Second Nature: A Gardener's Education

Second Nature: A Gardener's Education

by Michael Pollan
3.6 19

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Second Nature 3.6 out of 5 based on 0 ratings. 19 reviews.
amckenzie4 More than 1 year ago
This is, without a doubt, the worst edited ebook I've ever seen. "Modern" is consistently rendered as "modem." The author just referred to some trees being "fully 8edged." Italics are there one word, gone the next, and back the word after that. None of that is true in the paper version. I have, I admit, downloaded a few scanned books from free sites: in general, they've been better quality than this. Don't get me wrong; I love the book. That's why I bought it -- my paper copy is wearing out, and I figured this would be an easier way to take it around with me. Pollan's writing is wonderful, and he approaches the whole subject of gardens from a wonderful perspective, that of someone who, in the beginning, has read too many essays by Thoreau and Walden, and believes too firmly that distinctions between "weeds" and "plants" are terrible. By the end, he's learned somewhat better, at least as affects his garden. He's funny, and has good references throughout, and makes the reader think. It's a brilliant book; go buy a paper copy, and save yourself the pain of this bad editing.
Guest More than 1 year ago
Second Nature overflows with humor and serious ideas about dealing with many of the worst (grubs, egad) of early gardening concerns. The only drawbacks are, with the barest of contexts, the author introduces controversial Native American barbaric practices and the n-word flower. We could all have better enjoyed this reading without those freakish images. As well, he seems to be one of the few intelligent beings who never heard of Live Trapping. His attempt to burn a woodchuck alive is simply chilling.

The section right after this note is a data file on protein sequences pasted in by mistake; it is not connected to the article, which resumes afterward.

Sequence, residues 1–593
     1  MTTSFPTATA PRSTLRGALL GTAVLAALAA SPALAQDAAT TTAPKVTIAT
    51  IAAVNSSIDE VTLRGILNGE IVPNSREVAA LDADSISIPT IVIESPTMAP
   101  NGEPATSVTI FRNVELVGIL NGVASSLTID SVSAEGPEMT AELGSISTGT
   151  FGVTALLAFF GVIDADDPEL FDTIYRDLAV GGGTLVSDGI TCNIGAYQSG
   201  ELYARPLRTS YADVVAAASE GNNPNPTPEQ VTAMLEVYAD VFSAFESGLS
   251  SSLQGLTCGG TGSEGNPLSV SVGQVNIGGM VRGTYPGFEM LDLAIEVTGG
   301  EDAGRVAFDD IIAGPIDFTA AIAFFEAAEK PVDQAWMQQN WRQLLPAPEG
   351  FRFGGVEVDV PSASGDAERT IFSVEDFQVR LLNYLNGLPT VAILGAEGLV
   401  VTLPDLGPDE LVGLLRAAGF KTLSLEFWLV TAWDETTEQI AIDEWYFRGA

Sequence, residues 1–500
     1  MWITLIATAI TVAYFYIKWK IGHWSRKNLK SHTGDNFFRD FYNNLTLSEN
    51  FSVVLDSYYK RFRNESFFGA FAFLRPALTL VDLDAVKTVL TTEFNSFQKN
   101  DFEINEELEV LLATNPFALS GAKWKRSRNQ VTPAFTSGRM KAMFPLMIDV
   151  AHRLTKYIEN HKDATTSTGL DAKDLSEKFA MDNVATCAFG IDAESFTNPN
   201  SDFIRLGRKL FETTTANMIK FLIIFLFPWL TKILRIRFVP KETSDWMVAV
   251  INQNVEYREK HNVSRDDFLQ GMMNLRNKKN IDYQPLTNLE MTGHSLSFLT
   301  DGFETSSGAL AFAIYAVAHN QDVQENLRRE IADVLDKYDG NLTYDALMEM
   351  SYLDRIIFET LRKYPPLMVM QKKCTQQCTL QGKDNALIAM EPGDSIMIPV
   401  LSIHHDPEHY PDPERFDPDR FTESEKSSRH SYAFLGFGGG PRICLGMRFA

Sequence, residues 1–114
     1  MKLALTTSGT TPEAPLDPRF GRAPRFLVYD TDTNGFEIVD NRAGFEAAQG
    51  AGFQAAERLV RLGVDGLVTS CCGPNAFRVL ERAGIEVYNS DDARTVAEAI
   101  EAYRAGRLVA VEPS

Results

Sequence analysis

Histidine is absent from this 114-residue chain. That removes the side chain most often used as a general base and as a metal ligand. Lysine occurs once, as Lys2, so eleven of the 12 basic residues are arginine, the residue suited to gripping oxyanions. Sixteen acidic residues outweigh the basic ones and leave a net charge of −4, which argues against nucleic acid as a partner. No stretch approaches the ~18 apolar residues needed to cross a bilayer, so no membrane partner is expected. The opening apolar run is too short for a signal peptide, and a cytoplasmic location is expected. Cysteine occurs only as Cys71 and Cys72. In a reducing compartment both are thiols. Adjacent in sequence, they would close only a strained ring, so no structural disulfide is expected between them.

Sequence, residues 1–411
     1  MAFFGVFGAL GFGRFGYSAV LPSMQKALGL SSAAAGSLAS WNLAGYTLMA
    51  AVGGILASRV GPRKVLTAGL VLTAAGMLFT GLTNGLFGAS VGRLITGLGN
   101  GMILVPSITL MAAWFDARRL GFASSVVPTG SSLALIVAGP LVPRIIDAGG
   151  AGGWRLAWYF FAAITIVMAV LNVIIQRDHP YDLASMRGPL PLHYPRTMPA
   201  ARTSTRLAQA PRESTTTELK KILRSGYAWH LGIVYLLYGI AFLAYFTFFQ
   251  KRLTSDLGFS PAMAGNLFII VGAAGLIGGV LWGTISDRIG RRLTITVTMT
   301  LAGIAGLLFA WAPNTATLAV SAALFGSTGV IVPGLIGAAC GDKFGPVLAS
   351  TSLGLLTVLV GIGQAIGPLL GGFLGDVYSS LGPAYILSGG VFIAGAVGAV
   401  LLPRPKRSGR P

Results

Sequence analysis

Guest More than 1 year ago
It is always a pleasure to read of someone's experience in being a begining gardener. It is very helpful for the novice to realize that he is not alone in his ignorance and sometimes in his frustration. What makes Pollan's book special however is the change in point of view that he brought, at least for me. Prior to reading this I had tended to keep my environmental consiousness on one level and my gardening delights on another. The title here gives the plot away as Pollan does see gardening as 'second nature' and advances the concept of stewardship. The book helped me bring these areas together and sent me back to read Wendell Berry. Although I remain far away from Berry's vision of self sufficiency, I do have a clearer feel for the concept of man on the land and the rightness of his being there.
Guest More than 1 year ago
Not only did the book make me laugh out loud, it made me think of the world and of my garden in a whole new way. Michael Pollan is terrific.
Guest More than 1 year ago
EASY READ, VERY ENJOYABLE.
NJMetal More than 1 year ago
"Second Nature" is Michael Pollan's first book (and the last of all his offerings to date that I have read.) It is a book of the author's attempt to more deeply understand his connection to his gardens on his (now former) property in rural Connecticut. The story travels from his boyhood exposure and fascination to his grandfather's suburban garden. It all culminates in a tour of his own gardens as an adult. Along that form he discusses the many stops we all take in our own gardens. In typical Pollan style, the simplest of topics is more deeply explored for its factual, historical, cultural and philosophical content. Weeding or not weeding to be ecologically correct. The class war implications of plantig roses. The historical musings of planting a tree. Even the marketing strategies of seed catalog companies. Pollan helps us see our gardens and landscapes in ways we've never thought of looking before. Read this book and discover the Versailles that could be hidden in your own garden.
Anonymous More than 1 year ago
Not even close to my favorite by Michael Pollan, but if you find the history of the American garden (as opposed to the ideas and designs of European and British gardens) this is an informative interesting read.
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